Mr. Oder takes issue with whether Atlantic Yards can be technically described as a “crime,” suggesting that, more accurately, it is just part of the “culture of cheating,” the rubric under which Mr. Oder has been running a series of articles summing up how the mega-project has, across the board, been based upon strategies of deception and bad faith. But denying the crime here overlooks how the government, itself, was used as an instrument of theft which is, after all, the definition of“kleptocracy,” where a politically connected elite steal from the less advantaged.So the real crime is what gets defined as legal? I get his point, but Michael Kinsley famously observed that the real scandal in Washington is what's legal, not illegal.
Those keeping careful score as to what defines a “crime” will tell you that in these situations the real crime isn't what is technically illegal, it is what gets redefined as legal in order to permit such behavior. To give just two examples: That kind of redefining is what happened when the state and federal constitutional prohibitions on seizing private property for private benefit (including constitutional protections recently voted upon by New Yorkers) were rewritten out of existence by state agency skulduggery supported by judicial fiat (meaning that property that neighbor and senator Charles Schumer clearly knewwasn’t “blighted” was pretextually deemed to be so by collusive government officials so it could be taken by Ratner). And that kind ofscrapping of laws on the books is what happened when the MTA decided that it didn’t have to comply with recently enacted public authority reform legislation designed to prohibit its rigged deal with Ratner because it was sure no one was going to make them follow the law.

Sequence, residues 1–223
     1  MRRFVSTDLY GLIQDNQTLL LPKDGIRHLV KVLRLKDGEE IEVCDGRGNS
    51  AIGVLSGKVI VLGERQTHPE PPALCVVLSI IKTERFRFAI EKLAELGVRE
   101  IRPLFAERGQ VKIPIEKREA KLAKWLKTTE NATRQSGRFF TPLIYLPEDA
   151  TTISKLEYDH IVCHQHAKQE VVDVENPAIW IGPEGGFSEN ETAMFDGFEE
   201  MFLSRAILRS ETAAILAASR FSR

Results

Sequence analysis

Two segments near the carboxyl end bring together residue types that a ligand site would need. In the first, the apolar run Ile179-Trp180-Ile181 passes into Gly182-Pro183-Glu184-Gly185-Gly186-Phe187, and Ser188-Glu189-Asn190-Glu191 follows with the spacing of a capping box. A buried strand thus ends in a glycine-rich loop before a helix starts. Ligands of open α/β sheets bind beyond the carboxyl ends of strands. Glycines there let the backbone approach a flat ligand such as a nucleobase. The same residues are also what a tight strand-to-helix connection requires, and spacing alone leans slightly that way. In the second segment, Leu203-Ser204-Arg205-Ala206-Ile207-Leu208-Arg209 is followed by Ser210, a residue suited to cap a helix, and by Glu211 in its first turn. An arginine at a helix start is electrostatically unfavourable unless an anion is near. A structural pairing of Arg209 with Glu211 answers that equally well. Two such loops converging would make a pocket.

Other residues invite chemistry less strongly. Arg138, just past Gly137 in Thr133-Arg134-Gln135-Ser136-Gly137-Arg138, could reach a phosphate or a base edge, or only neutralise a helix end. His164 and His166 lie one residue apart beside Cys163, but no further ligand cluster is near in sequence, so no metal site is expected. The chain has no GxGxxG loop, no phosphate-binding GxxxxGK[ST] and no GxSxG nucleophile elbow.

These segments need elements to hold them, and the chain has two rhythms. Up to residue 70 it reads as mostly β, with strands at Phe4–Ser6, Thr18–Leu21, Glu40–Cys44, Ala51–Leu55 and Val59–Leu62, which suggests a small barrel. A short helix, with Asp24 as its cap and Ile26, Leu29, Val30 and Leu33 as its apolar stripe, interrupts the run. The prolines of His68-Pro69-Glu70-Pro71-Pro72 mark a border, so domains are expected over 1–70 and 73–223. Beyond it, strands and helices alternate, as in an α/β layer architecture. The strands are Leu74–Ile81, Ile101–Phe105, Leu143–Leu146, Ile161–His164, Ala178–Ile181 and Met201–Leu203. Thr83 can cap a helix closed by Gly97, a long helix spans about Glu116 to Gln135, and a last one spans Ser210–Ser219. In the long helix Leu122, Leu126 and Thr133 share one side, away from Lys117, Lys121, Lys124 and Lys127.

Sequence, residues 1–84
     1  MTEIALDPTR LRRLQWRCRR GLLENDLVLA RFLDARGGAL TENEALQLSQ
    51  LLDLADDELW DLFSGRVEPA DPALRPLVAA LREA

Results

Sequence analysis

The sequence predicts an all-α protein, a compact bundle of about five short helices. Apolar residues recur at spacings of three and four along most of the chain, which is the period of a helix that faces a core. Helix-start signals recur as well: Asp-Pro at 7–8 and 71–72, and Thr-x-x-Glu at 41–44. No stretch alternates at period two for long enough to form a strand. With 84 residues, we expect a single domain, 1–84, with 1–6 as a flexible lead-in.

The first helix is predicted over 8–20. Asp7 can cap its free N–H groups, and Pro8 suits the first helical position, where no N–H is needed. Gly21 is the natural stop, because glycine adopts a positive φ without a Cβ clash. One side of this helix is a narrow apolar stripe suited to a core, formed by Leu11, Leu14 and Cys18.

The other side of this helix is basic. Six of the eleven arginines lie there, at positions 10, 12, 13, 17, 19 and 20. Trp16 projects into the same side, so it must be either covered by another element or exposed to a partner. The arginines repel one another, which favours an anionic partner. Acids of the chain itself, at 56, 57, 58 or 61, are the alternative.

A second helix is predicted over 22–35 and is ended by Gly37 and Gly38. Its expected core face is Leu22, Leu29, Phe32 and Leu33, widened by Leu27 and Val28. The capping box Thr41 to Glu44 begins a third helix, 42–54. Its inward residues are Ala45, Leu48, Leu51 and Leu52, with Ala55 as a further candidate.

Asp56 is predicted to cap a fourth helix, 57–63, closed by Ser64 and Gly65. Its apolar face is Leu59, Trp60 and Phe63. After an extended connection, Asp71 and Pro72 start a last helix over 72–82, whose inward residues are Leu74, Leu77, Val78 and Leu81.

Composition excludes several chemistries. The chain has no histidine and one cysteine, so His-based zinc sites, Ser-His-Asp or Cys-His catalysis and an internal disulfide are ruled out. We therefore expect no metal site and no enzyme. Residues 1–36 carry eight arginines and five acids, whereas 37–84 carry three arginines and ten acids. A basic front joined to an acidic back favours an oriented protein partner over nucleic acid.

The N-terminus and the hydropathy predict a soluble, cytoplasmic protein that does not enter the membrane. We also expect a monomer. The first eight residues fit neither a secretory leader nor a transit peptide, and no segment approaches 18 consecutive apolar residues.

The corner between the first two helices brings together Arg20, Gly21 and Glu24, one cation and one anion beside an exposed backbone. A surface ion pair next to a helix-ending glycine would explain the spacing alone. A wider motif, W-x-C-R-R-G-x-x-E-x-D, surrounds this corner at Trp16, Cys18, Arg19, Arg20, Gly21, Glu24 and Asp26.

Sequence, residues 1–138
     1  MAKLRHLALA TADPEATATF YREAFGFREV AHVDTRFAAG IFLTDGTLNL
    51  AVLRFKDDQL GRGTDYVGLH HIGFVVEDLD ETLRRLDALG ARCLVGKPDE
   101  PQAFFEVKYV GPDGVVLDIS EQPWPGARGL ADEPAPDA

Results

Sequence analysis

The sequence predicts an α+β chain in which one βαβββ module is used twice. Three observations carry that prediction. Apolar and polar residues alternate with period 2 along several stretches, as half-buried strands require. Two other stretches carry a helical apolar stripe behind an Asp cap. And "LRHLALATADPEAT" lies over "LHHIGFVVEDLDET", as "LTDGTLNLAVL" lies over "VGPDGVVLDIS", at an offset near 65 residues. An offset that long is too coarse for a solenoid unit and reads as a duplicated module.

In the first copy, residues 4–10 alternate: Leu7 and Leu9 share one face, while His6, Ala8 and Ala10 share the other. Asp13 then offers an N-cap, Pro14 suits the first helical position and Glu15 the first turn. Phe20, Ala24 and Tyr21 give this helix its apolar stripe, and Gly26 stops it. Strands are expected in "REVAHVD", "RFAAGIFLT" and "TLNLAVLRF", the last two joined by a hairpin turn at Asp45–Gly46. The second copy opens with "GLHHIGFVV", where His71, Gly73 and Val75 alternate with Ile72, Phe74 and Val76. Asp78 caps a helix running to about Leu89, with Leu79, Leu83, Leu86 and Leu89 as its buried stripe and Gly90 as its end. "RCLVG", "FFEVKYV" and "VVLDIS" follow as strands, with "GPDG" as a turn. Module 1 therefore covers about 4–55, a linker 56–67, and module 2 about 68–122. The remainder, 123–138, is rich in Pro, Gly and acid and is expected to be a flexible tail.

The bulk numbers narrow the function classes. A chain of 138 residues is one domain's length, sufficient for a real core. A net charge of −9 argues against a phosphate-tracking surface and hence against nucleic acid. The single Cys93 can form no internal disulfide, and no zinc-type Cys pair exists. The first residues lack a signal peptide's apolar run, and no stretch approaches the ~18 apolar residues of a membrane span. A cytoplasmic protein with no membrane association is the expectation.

So as long as "crime" retains an actual relation to the criminal code, I'll stick with "cheating."